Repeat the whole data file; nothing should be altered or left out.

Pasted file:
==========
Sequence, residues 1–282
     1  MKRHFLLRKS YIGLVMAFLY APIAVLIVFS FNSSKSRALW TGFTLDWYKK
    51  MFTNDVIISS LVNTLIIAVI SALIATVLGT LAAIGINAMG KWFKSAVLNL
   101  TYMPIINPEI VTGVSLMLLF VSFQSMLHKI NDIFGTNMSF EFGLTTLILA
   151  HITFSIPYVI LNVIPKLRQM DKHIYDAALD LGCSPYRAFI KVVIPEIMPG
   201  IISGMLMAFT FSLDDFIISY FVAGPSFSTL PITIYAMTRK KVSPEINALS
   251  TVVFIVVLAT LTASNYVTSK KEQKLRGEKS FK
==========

Sequence, residues 1–282
     1  MKRHFLLRKS YIGLVMAFLY APIAVLIVFS FNSSKSRALW TGFTLDWYKK
    51  MFTNDVIISS LVNTLIIAVI SALIATVLGT LAAIGINAMG KWFKSAVLNL
   101  TYMPIINPEI VTGVSLMLLF VSFQSMLHKI NDIFGTNMSF EFGLTTLILA
   151  HITFSIPYVI LNVIPKLRQM DKHIYDAALD LGCSPYRAFI KVVIPEIMPG
   201  IISGMLMAFT FSLDDFIISY FVAGPSFSTL PITIYAMTRK KVSPEINALS
   251  TVVFIVVLAT LTASNYVTSK KEQKLRGEKS FK